The Fall starring Gillian Anderson and Jamie Dornan offered a psychological game of cat and mouse in an intense crime thriller.
Although the series was intriguing from the start, I found the pacing slow in some episodes causing my interest to waver at times. Regardless, the payoff was worth it, as the final episode of season 2 upped the ante for Detective Superintendent Stella Gibson in her pursuit of serial killer Paul Spector.
Throughout the series, it seemed that Spector would never get caught and would continue his reign of terror against the brunette women of Belfast. But, in season 2, the police finally closed in on him. Fortunately for Rose Stagg, who Spector had kidnapped at the time, she didn’t become his next victim and was rescued in time.
I think the thing that bothered me the most was that I never fully understood Paul Spector’s motives for his obsession with murdering women. Was it a God complex that made him feel powerful because he held life and death in the palm of hands? Or did he just feel it made him superior to the ‘weaker’ sex?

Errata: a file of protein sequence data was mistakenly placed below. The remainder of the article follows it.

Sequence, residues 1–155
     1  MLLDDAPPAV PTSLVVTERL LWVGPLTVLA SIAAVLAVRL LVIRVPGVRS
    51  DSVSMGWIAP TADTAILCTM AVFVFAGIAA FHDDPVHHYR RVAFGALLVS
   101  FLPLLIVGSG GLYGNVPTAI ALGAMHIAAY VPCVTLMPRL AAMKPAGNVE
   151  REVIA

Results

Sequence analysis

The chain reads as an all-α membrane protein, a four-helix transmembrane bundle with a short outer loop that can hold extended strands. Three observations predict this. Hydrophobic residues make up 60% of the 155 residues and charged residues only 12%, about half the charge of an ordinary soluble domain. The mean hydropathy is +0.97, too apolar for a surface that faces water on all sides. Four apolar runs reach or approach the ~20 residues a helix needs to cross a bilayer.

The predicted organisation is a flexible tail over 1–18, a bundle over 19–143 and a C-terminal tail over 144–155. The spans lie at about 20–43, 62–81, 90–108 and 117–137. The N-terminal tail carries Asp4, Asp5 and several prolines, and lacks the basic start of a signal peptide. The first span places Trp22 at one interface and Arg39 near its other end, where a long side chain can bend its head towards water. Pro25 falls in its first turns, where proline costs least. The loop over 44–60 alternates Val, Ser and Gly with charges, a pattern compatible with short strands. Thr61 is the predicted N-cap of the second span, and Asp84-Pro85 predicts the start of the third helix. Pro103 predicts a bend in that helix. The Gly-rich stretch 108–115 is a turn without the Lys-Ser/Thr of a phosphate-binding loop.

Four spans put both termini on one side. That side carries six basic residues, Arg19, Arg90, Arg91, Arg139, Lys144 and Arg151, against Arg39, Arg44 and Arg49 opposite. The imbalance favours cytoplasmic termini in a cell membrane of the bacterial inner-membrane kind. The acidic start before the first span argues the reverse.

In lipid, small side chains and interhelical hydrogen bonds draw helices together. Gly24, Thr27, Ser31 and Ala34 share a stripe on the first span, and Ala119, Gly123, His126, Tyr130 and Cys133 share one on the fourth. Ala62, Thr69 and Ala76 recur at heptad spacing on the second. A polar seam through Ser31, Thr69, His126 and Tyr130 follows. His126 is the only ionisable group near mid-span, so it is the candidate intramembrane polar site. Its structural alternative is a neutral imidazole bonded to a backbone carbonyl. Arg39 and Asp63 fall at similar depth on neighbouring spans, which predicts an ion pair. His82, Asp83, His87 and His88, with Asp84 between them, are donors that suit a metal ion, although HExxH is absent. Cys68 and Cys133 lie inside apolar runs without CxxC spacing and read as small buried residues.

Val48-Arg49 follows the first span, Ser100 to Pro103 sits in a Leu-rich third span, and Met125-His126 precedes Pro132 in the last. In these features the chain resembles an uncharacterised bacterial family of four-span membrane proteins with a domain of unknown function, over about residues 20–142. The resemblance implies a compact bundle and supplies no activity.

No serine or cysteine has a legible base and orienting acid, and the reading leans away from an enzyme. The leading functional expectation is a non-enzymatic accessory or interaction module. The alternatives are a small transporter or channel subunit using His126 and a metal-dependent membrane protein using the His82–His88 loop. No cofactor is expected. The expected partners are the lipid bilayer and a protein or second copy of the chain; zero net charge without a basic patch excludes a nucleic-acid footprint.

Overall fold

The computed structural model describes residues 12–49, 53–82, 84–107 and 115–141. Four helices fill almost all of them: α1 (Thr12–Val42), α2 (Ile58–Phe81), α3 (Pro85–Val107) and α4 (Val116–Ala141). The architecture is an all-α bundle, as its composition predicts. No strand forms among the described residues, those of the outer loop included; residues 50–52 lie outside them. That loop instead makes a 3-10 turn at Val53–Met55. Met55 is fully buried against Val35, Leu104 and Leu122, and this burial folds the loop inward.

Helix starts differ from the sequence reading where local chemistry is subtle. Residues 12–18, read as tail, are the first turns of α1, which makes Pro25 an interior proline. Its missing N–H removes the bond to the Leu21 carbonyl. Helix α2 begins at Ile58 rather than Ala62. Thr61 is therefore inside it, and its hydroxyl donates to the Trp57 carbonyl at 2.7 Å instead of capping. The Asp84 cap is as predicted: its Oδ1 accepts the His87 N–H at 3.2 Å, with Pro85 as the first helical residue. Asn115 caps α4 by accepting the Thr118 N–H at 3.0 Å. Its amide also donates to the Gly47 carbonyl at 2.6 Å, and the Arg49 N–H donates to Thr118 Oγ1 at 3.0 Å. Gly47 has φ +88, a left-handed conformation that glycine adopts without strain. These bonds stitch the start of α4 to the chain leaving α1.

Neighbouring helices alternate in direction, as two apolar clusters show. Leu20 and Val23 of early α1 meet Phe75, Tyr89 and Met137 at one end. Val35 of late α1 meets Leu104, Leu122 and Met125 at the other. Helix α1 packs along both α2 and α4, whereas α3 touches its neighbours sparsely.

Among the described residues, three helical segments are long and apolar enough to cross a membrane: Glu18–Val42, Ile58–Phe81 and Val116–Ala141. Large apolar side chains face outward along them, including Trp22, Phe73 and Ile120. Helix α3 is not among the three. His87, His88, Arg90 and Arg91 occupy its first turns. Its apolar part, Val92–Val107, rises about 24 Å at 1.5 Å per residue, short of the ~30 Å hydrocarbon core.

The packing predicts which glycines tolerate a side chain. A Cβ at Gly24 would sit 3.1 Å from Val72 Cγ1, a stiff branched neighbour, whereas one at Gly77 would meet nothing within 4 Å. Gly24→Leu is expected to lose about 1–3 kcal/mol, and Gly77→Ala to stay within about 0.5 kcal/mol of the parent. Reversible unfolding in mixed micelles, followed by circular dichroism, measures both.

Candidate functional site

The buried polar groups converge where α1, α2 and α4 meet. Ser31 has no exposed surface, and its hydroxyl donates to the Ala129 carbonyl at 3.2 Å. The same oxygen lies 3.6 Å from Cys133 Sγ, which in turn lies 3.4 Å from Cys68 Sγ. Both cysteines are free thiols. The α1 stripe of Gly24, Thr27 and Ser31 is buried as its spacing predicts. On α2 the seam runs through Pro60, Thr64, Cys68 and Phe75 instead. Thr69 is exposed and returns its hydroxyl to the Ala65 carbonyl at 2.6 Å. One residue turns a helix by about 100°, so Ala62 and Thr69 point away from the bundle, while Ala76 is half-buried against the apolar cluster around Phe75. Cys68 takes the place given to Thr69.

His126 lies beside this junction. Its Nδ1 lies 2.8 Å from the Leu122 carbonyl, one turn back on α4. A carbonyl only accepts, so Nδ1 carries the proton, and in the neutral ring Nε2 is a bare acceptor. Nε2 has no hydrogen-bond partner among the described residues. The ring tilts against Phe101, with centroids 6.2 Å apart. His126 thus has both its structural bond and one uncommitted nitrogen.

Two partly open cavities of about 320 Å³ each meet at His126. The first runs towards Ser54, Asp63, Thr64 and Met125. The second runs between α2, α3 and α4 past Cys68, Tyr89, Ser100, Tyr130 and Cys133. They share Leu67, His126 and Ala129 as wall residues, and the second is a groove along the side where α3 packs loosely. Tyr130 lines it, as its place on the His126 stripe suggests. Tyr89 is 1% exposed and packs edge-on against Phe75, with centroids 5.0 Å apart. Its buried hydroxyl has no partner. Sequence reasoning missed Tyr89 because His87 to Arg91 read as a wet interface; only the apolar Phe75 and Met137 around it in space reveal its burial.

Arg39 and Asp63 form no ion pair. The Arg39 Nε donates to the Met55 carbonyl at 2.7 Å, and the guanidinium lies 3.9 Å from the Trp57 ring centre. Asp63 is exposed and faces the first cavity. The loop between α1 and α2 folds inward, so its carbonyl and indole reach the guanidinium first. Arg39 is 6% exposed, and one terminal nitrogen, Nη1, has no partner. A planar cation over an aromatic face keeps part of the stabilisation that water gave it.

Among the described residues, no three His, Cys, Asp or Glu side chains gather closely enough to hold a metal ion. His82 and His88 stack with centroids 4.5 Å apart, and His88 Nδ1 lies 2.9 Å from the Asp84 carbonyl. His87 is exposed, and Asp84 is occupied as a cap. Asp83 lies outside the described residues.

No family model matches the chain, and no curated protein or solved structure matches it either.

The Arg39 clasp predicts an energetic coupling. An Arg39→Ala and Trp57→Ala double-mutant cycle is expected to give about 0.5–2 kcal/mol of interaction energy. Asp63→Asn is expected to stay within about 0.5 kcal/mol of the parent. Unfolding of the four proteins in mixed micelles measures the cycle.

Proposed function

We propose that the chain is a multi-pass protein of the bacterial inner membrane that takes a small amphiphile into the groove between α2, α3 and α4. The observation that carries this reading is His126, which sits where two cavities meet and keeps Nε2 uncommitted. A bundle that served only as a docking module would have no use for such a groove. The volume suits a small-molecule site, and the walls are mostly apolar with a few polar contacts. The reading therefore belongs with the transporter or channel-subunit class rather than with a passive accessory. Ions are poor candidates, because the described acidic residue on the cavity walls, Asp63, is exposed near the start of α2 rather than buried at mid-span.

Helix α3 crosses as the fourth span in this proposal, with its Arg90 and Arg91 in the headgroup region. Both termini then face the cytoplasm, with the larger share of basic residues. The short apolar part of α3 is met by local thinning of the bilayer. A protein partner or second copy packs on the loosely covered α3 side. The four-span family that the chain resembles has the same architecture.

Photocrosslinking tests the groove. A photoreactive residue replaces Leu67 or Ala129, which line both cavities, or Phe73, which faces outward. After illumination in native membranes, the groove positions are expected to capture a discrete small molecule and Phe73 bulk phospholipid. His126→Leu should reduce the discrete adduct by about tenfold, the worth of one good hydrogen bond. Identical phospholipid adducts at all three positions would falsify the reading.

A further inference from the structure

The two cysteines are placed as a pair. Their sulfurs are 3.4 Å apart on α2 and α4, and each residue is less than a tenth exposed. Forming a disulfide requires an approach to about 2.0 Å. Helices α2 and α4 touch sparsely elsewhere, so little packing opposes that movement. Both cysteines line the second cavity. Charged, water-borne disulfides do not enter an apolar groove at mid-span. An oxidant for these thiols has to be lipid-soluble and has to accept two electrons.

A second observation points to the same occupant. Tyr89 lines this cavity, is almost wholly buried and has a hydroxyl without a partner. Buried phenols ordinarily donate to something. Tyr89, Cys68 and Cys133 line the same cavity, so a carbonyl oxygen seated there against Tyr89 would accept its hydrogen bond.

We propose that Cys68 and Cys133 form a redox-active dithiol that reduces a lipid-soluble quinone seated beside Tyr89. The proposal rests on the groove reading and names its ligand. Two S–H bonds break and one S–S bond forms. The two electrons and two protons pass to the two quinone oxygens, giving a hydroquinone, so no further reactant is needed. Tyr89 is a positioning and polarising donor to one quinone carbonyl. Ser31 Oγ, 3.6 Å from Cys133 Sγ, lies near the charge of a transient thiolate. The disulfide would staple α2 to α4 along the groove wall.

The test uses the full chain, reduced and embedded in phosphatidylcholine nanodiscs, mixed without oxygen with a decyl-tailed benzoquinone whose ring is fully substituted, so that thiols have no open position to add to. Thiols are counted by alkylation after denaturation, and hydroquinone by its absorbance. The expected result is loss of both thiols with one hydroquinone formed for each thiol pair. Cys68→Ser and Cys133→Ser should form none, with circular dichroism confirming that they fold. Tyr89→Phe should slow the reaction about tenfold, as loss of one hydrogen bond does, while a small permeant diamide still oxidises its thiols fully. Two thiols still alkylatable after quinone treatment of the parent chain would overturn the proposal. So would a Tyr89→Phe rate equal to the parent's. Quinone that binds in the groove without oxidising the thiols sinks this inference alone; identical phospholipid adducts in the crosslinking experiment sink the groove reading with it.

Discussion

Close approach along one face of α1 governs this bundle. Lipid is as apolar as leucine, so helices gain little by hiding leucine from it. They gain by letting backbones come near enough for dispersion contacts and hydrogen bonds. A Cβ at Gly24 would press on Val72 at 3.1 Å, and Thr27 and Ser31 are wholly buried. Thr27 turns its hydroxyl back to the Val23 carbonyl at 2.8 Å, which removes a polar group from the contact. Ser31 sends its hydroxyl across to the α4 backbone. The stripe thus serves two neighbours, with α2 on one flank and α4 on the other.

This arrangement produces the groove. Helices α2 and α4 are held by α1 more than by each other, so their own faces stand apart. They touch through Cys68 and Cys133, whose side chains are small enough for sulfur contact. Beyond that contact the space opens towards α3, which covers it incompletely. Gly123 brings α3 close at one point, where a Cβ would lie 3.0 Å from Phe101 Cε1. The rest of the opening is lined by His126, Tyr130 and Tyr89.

It also surprised me that Katy, Spector’s teen babysitter/mistress wasn’t just some dizzy, love-struck teen but as much a sociopath as he was, making her his perfect partner in crime.
I also wondered about how Spector’s wife Sally could not sense that her husband harbored these sick and deadly urges. Or maybe deep down she did but pushed it back into a far corner or her mind in order to make it easier to accept being married to a monster.
Then there’s Gibson and Spector and the underlining sexual tension that the show has hinted at since season 1. Stella Gibson might have viewed Paul Spector as a killer but maybe she was also fascinated by him too.
Watching The Fall had me thinking and questioning which I feel should be the goal of every television series. If viewers are just literal couch potatoes watching television without feeling or emotion, are they getting anything out of the show?